Corona used up reserves
The Federal Employment Agency complains that the cash register is empty
1/22/2022 3:01 p.m
The Corona crisis is taking a toll on the Federal Employment Agency’s financial cushion. The authority has had to spend a total of 52 billion euros so far. Above all, the short-time allowance has cushioned a lot, but is actually not the right instrument, explains the BA finance director.
According to CFO Christiane Schönefeld, the Federal Employment Agency will need a long time to build up a reserve to fight off the crisis after the Corona years. “It will be years before we have a secure and crisis-proof financial cushion again,” said Schönefeld. There is still a gap of 1.3 billion euros in the 2022 budget. Money can be saved again from 2023 at the earliest, said Schönefeld, who will retire as a board member of the federal agency after more than 35 years in the agency in the second half of the year.
After two budgets in 2020 and 2021 with extreme spending of 61 and 58 billion euros, Schönefeld is hoping for improvement in the current year. “We are moving towards normality,” she said. Expenditure of 38 billion euros is planned. “We can be optimistic that we are not entirely wrong,” she said.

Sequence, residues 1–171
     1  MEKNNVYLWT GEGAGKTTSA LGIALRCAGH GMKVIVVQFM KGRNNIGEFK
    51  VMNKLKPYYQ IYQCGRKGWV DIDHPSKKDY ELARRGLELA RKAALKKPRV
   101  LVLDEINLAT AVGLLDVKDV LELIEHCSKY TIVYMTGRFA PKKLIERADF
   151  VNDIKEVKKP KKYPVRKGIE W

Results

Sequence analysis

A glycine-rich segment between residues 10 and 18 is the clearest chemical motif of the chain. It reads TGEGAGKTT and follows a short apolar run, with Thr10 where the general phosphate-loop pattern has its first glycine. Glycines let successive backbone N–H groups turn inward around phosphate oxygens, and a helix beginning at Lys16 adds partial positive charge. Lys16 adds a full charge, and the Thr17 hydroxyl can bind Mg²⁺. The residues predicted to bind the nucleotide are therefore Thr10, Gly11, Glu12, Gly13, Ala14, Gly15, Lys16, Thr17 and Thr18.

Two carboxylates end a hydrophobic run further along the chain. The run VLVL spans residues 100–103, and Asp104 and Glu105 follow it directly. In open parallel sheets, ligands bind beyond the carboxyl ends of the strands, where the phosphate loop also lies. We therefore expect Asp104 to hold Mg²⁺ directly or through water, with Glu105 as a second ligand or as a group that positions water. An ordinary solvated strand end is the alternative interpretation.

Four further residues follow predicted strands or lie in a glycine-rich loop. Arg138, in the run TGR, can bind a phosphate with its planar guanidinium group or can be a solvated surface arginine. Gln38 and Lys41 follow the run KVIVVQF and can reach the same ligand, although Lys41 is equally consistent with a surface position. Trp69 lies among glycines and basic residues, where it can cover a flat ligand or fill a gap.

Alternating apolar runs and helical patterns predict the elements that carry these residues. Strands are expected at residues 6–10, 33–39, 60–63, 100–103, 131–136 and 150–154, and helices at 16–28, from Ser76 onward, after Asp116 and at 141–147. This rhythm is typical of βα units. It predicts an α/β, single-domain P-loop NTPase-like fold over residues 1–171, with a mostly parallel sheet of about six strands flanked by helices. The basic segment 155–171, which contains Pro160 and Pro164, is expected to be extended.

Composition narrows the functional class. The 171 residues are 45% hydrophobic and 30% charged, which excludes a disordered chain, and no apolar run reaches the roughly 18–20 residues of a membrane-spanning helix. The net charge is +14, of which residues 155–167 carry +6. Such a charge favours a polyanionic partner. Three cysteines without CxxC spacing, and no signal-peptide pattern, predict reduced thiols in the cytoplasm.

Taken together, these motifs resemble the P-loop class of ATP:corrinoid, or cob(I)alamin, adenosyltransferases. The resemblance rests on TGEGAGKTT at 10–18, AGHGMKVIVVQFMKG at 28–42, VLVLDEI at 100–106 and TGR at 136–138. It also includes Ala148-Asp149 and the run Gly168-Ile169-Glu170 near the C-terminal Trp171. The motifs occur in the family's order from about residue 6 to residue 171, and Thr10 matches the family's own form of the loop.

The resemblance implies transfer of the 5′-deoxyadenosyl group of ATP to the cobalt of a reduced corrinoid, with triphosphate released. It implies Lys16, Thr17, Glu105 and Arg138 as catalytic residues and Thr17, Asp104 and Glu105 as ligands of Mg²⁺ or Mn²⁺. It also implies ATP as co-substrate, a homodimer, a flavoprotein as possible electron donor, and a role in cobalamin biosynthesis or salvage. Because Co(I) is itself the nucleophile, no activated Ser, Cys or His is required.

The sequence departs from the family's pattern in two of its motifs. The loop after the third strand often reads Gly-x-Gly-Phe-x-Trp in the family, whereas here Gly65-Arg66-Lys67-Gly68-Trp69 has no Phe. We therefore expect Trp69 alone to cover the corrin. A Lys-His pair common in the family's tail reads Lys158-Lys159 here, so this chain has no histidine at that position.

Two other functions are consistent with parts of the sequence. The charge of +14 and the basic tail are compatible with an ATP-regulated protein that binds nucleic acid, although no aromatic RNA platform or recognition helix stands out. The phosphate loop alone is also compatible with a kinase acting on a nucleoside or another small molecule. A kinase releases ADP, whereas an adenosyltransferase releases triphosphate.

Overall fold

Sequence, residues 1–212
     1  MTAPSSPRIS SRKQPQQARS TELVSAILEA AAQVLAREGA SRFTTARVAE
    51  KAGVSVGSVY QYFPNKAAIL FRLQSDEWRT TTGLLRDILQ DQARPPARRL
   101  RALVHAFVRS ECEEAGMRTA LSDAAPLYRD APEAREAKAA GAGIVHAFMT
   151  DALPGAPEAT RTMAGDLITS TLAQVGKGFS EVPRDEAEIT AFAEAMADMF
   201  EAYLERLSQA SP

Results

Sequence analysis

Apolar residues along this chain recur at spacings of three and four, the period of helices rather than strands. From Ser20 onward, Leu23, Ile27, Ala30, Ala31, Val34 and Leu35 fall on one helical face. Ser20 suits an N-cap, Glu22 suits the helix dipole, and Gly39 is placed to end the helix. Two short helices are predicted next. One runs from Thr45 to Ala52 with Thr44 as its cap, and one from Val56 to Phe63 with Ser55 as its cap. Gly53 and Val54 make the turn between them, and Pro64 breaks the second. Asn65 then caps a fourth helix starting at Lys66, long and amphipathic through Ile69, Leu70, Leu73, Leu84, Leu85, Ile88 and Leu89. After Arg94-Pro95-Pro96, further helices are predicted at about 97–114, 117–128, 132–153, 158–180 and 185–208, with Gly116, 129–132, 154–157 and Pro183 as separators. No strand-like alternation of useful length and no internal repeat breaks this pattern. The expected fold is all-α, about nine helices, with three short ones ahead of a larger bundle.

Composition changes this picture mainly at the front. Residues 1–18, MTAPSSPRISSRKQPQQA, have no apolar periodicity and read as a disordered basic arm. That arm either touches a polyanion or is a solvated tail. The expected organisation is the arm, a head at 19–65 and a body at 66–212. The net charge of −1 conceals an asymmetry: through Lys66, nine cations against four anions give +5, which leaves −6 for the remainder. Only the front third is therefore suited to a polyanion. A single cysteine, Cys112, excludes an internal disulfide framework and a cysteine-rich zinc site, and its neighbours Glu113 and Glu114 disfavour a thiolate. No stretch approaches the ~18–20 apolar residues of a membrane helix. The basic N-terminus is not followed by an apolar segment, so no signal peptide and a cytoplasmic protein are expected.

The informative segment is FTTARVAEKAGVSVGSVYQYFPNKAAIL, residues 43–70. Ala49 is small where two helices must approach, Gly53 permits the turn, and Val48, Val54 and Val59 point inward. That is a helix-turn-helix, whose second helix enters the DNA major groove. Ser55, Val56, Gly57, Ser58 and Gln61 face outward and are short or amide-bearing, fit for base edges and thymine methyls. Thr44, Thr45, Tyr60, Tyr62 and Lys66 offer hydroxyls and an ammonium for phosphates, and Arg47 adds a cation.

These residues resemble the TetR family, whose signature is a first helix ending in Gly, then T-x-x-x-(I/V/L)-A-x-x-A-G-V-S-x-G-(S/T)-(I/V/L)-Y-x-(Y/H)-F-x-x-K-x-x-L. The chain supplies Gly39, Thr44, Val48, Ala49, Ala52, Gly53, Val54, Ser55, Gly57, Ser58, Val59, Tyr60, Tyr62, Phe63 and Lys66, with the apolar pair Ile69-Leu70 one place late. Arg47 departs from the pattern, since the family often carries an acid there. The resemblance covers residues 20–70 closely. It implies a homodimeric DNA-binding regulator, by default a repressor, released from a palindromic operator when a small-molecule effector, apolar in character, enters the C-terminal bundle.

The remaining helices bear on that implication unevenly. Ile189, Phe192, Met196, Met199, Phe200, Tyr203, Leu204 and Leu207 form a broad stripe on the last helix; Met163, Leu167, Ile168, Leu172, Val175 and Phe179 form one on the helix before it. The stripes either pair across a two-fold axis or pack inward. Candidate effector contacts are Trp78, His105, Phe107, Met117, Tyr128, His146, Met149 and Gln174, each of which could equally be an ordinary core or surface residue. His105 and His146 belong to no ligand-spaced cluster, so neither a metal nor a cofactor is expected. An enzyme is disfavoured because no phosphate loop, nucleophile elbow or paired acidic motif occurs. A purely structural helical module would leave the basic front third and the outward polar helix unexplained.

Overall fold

According to previous calculations, the Corona crisis has cost the Federal Agency around 52 billion euros. For comparison: the financial crisis of 2008 and 2009 devoured 19 billion euros from the coffers of the Nuremberg authorities. In the current crisis, the means of short-time work were used much more than then – on the one hand because the instrument was made more attractive through higher rates and the assumption of social security contributions, on the other hand because employers wanted to keep their staff in times of a shortage of skilled workers.
Short-time work not intended for pandemics
The social security contributions for short-time workers alone would have almost completely eaten up the Federal Agency’s reserves of almost 26 billion euros, which seemed immense at the time. “We fought hard for the reserve, but lost it again quickly,” said Schönefeld. “We were able to absorb a lot as a result.”
In the current year, the Federal Agency has based its calculations on an annual average of around 300,000 short-time workers. If it were more, it would have to be recalculated. In addition to the payments for short-time work, there are considerable additional personnel expenses from the Federal Agency for processing. “For possible future pandemics, you have to consider whether short-time work is the right way,” said Schönefeld. The instrument, with its enormous amount of work for both employers and the authorities, was not developed for widespread pandemic cases, but for isolated economic dips.